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Science at the Center - Research

Kamal Sharma, Ph.D.

Assistant Professor, Department of Neurobiology, Pharmacology and Physiology

Research Relevant to Peripheral Neuropathy

Our research efforts are focused on understanding the spinal motor circuits. These circuits include motor neurons and spinal sensory neurons that project into the peripheral nerves and innervate different muscles in the body. These neurons and their axons are the primary target of many demyelinating and neurodegenerative diseases.

We are particularly intrigued by the observation that in most patients, the disease affects only some neurons and nerves. This observation suggests that many neurons are naturally resistant to pathological changes following insult. Molecular biology provides powerful tools to understand selective vulnerability and also natural resistance of different neurons to the disease causing agents. Dr. Hiroshi Yajima, a postdoctoral fellow in the laboratory, is using molecular and genetic techniques to study a relatively large gene family. These recently discovered molecules are called protocadherins. Hiroshi has developed reagents to study mRNA and protein expression of 36 members of this gene family. Hiroshi and an undergraduate student, Ms. Anushka Hauner, have found that these proteins are expressed in subsets of neurons in the spinal cord and the sensory ganglia. We are particularly encouraged by the observation that these proteins are highly concentrated in axons and dendrites of neurons in adult mice. With technical help from Ms. Aida Pourbovali and Charity Goodman, we are currently testing whether these proteins are important for motor and sensory functions of the spinal cord.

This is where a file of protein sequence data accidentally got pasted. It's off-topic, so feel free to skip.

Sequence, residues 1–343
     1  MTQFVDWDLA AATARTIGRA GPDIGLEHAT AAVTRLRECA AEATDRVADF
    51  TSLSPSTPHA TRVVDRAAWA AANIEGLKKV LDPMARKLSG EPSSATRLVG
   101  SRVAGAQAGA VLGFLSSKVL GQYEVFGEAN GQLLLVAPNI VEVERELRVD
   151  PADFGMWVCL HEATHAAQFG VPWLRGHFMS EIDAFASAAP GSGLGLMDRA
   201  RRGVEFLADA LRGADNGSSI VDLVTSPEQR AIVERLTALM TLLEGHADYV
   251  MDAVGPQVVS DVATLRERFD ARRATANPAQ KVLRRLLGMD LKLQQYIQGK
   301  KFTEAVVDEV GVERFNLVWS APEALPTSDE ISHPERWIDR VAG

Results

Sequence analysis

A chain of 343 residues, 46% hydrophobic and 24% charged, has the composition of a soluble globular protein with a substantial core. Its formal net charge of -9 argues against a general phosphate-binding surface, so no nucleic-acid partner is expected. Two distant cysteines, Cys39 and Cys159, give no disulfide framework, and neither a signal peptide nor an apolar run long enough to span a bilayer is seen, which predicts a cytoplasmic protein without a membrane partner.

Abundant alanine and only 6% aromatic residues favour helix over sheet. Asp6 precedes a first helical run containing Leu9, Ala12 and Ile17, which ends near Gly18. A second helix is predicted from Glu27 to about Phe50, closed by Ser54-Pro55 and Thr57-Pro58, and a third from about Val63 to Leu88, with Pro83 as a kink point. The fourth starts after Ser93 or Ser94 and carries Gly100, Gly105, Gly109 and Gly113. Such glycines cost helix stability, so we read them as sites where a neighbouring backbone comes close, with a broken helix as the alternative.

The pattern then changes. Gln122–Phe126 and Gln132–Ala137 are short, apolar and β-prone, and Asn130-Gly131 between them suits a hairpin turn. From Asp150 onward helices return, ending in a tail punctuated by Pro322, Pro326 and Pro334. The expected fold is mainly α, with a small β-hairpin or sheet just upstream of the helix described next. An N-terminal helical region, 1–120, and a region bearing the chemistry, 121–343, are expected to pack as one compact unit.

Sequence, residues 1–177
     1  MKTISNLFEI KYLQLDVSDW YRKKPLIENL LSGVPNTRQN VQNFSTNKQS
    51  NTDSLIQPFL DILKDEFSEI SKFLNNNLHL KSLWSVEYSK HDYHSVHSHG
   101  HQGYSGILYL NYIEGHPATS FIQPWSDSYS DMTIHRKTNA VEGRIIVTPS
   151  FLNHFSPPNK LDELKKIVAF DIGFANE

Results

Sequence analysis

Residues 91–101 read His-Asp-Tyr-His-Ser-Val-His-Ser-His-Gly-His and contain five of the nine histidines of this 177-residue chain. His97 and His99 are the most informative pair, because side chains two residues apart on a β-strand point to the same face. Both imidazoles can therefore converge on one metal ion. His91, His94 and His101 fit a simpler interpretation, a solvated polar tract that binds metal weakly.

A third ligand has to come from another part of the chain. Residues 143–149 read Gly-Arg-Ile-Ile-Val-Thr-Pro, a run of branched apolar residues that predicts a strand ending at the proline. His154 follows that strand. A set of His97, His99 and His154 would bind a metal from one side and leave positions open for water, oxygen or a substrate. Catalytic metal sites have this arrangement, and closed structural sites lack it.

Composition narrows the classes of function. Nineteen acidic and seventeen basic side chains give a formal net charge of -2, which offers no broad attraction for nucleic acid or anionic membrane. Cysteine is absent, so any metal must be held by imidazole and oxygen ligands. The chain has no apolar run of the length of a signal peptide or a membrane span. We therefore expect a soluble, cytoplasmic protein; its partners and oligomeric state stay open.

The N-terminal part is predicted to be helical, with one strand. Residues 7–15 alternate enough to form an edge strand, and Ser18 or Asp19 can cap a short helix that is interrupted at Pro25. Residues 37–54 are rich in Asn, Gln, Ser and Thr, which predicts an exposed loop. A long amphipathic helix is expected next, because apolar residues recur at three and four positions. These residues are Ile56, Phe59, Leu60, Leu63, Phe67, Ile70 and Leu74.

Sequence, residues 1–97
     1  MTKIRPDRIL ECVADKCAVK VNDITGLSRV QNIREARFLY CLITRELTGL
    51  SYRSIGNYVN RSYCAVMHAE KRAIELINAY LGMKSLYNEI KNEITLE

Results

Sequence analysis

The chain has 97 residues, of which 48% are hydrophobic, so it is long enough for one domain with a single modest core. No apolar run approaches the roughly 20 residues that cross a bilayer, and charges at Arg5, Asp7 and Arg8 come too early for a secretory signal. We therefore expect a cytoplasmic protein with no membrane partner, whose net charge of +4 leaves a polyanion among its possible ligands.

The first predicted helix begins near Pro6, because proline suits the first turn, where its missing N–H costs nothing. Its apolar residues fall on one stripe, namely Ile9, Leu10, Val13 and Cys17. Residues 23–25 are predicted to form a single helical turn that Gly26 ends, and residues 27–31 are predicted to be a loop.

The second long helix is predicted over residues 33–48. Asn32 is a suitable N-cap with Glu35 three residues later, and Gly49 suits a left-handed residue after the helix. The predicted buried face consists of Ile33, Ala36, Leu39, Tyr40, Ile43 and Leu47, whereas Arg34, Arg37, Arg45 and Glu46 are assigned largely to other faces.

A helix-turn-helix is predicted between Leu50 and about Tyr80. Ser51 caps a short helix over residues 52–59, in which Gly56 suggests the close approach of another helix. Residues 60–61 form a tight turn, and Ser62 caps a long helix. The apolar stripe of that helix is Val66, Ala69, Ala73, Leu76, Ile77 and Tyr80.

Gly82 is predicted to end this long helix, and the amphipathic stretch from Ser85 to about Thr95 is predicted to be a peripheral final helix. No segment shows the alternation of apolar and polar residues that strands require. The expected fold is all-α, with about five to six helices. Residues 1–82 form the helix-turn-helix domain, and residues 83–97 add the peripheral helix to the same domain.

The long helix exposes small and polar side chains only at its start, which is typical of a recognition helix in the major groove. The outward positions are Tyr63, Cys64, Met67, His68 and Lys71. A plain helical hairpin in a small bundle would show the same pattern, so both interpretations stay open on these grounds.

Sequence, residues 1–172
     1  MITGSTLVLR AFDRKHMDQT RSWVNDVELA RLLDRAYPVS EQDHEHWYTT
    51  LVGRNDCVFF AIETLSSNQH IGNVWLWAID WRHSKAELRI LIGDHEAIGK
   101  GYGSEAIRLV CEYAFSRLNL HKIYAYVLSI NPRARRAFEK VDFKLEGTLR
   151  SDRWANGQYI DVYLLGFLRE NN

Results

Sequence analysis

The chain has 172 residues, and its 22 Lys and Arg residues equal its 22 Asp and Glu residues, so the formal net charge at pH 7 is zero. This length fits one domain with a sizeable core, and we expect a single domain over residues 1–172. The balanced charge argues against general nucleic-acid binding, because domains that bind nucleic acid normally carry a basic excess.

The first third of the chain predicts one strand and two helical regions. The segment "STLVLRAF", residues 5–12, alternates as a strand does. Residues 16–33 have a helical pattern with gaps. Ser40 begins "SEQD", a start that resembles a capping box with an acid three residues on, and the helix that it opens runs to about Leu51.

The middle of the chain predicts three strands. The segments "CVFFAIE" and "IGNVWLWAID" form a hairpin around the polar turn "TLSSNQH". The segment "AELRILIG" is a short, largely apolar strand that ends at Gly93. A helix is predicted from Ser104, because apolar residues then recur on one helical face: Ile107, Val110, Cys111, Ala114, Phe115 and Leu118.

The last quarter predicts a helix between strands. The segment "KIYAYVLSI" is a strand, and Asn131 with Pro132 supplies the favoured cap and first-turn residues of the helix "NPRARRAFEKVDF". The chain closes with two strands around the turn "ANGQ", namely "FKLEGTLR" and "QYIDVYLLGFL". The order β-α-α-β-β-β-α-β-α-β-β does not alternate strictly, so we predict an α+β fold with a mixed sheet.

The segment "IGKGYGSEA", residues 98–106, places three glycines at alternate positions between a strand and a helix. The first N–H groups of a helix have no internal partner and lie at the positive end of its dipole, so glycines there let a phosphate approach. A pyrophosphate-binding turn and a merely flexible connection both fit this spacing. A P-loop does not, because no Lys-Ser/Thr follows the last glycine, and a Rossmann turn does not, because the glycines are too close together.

Selected Publications

K. Sharma, Z. Korade and E. Frank. (1994) Central projections of sensory axons wait for development of guidance cues in the spinal cord. Development 120:1315-1323.

K. Sharma, Z. Korade and E. Frank. (1995) Late-migrating neuroepithelial cells from the spinal cord differentiate into sensory ganglion cells and melanocytes. Neuron 14:143-152.

K. Sharma, and E. Frank. (1998) Sensory axons are guided by local cues in the developing dorsal spinal cord. Development 125:635-643.

N. Takuma, H.Z. Sheng, Y. Furuta, J.M. Ward, K. Sharma, B.L.M. Hogan, S.L. Pfaff, H. Westphal, S. Kimura and K.A. Anderson (1998) Formation of Rathke's pouch requires dual induction from the diencephalon. Development 125:635-643.

K. Sharma, H.Z. Sheng, K. Lettieri, H. Li, A. Karavanov, S. Potter, H. Westphal and S.L. Pfaff. (1998) LIM homeodomain factors Lhx3 and Lhx4 assign subtype identities for motor neurons. Cell 95:817-828.

J. Thaler, K. Harrison, K. Sharma, K. Lettieri, J. Kerl and S.L. Pfaff: (1999). Appropriate motor neuron specification and axon pathfinding is dependent on homeodomain factor HB9: A repressor of interneuron identity. Neuron 23:675-687.

K. Sharma, A.E. Leonard, K. Lettieri and S.L. Pfaff. (2000). Genetic and Epigenetic Mechanisms Contribute to Motor Neuron Pathfinding. Nature 406:515-519.

Fu, S.Y, Sharma, K., Luo Y., Raper J.A., Frank E. (2000). Sema3A regulate developing sensory projections in the chicken spinal cord. Journal of Neurobiology 45:227-236.

Kamal Sharma and Juan Carlos Ipisuza Belmonte (2001) Development of the limb neuromuscular system, Current Opinions in Cell Biology 13:204-210.

Kamal Sharma and Chian-Yu Peng (2001) Spinal motor circuits: Merging Development and Function. Neuron 29:321-324.

Lance-Jones, C. Omelchenlco, N, Bailis, A., Lynch, S., and Sharma, K. (2001). Hoxd-10 induction and regionalization in the developing lumbosacral spinal cord. Development 128:2255-2268.

For more information about research in the Sharma lab please visit their web site: http://sharmalab.bsd.uchicago.edu/

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